2.5i Touring 5dr Lineartronic
Let’s start with the engine, shall we? There’s no longer a diesel-powered Outback available in the UK, so as mentioned the 2.5-litre four-cylinder petrol boxer is your only option.
It’s not the most refined engine and has quite the grumble on start-up, but it does feel strong and perhaps a little brawnier than the 167bhp and 186lb ft of torque headline figures would suggest. The 0-62mph sprint is more like an amble though, taking a full 10.2 seconds.
Hmm, yes, there’s no doubt that the CVT does let the side down slightly. It means the rough-sounding engine is often worked quite hard for a relative lack of acceleration, and the wheel-mounted paddles and ‘manual’ mode that are supposed to add steps into the transmission don’t seem to have much effect. Overtaking in the Outback isn’t the most pleasant experience.
Whereas the gearbox might be a bit of a sticking point, the Outback’s ride quality and suspension setup is excellent. The raised ride height and tall sidewall tyres are really there to help the Subaru’s off-road ability, but they also make for an extremely comfortable car on the road. Surprising lack of roll through corners too.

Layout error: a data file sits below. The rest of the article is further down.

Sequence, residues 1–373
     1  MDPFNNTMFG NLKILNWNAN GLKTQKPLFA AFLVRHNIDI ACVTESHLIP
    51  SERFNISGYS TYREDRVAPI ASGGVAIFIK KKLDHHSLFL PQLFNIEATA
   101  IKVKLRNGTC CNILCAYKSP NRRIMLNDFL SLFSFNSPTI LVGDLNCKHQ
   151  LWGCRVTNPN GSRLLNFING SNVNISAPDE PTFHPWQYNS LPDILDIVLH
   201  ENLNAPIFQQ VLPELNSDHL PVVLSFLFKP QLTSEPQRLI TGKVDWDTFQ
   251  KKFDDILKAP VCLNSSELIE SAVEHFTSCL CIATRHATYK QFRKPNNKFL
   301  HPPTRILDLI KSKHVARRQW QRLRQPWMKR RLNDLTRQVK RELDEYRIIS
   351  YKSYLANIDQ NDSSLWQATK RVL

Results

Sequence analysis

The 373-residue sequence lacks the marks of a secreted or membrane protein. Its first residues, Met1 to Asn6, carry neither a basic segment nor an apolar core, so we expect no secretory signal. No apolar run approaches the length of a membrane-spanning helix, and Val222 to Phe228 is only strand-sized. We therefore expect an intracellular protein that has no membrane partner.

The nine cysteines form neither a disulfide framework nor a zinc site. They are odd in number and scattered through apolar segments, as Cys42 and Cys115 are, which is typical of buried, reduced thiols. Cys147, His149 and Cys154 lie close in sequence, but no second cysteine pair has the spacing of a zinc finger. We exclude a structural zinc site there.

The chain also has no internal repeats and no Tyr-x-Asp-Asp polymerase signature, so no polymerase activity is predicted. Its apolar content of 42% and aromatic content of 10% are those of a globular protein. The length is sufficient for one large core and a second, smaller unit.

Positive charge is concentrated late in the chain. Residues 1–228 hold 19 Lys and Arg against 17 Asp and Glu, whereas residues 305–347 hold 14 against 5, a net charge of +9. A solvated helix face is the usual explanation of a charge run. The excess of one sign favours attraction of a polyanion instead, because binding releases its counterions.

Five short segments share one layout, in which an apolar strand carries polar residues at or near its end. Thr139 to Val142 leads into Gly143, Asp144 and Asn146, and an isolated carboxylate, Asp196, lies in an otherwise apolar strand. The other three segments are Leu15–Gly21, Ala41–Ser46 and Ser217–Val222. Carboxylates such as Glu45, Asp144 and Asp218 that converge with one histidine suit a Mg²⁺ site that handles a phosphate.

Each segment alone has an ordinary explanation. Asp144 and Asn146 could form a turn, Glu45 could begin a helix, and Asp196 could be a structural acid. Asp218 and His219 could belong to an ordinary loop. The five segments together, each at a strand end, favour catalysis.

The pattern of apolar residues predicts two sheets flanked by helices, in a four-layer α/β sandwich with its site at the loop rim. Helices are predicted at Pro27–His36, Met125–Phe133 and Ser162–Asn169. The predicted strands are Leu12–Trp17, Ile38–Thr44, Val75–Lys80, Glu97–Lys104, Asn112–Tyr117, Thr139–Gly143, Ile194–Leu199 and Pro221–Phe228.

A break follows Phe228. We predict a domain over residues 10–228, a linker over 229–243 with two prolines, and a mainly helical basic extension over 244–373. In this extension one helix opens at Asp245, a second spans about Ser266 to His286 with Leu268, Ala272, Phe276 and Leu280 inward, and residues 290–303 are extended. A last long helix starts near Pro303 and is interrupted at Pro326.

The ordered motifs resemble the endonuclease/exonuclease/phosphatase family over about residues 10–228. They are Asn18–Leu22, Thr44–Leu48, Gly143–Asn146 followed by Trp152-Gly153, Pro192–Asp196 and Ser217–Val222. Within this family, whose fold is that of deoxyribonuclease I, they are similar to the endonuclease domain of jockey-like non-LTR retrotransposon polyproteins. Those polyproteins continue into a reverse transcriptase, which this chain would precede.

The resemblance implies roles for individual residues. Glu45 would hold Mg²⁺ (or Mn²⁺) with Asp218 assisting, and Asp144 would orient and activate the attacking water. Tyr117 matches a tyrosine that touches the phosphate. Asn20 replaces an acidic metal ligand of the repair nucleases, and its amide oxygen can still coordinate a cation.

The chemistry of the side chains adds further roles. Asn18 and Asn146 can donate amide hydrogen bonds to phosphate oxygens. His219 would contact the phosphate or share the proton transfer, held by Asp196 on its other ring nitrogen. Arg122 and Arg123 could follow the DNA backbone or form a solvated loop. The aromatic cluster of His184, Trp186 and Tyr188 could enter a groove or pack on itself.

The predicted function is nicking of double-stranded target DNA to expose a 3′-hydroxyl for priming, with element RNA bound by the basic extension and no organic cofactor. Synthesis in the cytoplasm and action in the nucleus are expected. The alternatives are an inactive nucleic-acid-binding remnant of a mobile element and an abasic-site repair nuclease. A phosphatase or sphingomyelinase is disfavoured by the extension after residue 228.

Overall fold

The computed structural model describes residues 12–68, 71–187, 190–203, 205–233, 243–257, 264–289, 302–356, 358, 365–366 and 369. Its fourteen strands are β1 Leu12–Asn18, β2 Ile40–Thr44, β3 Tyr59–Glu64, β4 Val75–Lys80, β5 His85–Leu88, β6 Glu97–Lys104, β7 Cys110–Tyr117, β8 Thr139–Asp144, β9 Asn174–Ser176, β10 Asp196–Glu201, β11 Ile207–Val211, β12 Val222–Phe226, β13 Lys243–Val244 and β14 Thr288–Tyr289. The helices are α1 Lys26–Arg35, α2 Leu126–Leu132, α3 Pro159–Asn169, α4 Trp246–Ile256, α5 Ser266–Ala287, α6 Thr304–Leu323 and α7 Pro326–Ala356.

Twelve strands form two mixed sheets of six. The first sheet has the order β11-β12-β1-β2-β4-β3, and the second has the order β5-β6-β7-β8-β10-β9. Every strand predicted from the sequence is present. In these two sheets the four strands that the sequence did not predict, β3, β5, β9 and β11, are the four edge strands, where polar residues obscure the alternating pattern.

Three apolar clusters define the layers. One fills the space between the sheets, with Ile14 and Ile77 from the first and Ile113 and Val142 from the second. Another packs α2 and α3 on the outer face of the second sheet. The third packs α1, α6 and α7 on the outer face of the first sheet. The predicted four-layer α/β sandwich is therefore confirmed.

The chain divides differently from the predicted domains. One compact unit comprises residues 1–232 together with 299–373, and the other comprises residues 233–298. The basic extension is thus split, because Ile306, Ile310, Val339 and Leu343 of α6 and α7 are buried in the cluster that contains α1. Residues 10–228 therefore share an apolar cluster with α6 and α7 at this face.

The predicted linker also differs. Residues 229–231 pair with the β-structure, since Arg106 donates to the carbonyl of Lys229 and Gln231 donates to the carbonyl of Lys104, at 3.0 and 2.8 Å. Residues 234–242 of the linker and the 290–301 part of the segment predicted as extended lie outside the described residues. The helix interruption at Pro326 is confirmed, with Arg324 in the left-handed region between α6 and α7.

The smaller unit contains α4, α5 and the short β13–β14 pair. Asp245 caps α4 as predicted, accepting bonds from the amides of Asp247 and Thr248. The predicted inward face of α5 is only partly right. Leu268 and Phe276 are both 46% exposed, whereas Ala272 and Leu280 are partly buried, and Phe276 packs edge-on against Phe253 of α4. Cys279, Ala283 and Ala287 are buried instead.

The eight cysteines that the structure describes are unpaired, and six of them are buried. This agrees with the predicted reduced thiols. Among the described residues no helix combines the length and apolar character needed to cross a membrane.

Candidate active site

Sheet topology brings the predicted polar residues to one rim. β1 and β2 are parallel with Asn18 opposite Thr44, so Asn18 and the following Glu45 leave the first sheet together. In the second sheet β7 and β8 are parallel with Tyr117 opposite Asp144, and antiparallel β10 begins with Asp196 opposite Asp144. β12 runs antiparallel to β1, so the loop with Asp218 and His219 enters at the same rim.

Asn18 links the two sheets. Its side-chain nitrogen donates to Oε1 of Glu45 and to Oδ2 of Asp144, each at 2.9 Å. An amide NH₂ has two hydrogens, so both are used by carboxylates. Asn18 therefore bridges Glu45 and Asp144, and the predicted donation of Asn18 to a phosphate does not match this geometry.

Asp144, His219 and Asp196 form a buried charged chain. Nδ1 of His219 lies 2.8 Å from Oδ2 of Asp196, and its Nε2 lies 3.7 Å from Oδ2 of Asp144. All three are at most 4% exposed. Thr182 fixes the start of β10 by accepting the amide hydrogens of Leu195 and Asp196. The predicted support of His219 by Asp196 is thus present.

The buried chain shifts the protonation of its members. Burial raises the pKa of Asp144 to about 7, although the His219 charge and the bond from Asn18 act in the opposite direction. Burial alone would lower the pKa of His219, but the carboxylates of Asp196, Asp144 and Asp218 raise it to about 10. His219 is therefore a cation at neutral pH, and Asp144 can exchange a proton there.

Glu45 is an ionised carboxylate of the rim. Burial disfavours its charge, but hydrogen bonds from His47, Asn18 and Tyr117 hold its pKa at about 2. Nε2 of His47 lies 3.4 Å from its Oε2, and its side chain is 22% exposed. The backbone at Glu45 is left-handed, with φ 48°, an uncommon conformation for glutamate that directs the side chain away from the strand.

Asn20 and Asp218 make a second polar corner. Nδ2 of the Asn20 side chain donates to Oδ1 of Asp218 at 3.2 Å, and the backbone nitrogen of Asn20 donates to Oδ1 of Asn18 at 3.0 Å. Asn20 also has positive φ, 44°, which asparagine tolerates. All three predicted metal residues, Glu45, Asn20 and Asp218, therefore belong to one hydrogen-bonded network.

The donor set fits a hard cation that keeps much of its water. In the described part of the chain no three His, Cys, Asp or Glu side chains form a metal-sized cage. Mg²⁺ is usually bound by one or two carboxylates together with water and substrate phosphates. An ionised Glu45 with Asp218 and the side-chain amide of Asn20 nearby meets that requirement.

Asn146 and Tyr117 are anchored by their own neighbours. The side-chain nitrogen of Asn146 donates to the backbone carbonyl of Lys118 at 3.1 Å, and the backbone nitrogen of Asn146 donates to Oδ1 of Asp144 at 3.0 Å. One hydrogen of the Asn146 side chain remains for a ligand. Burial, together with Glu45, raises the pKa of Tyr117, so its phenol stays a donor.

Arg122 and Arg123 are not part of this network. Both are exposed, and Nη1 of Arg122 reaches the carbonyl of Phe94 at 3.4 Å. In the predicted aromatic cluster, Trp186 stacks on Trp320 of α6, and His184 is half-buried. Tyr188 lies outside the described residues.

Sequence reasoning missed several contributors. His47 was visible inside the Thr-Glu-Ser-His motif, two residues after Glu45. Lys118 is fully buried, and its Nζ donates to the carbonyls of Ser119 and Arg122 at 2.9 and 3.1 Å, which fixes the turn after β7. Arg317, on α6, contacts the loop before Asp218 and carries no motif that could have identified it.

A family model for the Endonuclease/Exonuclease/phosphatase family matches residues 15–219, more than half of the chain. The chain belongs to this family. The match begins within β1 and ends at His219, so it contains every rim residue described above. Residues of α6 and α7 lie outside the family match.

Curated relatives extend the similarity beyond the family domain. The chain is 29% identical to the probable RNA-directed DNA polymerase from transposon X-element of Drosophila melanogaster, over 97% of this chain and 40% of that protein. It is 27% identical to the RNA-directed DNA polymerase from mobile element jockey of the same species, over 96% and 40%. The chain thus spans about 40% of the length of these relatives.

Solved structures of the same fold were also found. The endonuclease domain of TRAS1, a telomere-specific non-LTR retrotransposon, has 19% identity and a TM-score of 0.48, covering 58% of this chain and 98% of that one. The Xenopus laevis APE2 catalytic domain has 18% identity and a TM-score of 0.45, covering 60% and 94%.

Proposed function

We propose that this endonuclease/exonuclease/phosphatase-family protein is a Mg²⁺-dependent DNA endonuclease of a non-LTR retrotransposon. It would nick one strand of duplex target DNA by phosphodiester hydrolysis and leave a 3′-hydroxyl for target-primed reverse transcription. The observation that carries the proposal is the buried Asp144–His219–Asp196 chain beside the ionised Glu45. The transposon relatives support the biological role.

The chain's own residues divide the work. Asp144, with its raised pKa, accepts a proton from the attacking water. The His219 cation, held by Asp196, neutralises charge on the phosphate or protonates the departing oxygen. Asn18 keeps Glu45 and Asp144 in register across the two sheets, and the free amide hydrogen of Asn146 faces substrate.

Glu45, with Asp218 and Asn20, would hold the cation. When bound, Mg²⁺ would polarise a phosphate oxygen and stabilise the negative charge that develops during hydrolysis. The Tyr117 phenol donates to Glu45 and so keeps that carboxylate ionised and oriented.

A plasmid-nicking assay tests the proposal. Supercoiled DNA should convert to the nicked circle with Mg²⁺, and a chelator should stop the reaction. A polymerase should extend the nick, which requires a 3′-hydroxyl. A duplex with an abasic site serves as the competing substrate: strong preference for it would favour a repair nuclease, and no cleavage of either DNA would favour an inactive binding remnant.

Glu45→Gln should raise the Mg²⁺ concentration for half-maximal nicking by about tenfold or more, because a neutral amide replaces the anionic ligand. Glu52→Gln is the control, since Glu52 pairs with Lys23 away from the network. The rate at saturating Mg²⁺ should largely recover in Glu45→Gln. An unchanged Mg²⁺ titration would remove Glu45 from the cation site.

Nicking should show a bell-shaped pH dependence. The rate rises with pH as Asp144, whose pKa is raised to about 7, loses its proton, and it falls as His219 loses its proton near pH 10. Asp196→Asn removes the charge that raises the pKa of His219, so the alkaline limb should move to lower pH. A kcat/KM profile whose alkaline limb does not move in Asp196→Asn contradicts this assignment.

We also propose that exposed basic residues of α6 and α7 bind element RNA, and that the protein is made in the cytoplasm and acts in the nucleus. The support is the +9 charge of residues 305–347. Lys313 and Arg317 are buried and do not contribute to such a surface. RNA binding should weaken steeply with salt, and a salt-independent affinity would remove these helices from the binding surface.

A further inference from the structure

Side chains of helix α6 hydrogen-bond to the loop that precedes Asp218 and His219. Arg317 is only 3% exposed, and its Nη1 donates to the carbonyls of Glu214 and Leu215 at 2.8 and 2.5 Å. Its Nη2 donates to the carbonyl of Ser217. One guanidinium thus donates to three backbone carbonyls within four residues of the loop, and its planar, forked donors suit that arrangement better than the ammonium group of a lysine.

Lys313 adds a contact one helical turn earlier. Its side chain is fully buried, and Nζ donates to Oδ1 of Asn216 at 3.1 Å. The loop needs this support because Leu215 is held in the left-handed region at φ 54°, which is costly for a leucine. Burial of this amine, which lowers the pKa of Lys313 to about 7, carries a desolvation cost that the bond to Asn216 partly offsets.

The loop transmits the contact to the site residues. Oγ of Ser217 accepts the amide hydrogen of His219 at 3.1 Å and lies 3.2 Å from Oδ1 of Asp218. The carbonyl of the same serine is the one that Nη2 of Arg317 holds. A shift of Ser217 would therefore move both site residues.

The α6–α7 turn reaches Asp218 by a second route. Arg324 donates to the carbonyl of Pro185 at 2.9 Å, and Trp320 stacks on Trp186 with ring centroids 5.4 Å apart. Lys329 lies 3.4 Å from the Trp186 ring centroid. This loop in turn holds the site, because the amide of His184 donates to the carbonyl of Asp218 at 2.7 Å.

There’s decent brake feel, and the steering has enough about it to make the Outback an enjoyable – if rather old-school – thing to drive on the road. It’s no WRX STI, but it’s good enough for a lofty estate and much more satisfying to drive than a lardy SUV. Remember, this thing only weighs around 1,640kg.
Ah, slight issue here. Subaru claims 33mpg and 193g/km of CO2 emissions for the petrol-powered Outback, but in our time with the car we managed… 18mpg. Not great.
The Outback really is excellent at that. There’s huge amounts of grip and Snow/Dirt and Deep Snow/Mud drive modes. This thing would get you further down a ruined farm track than most modern SUVs.
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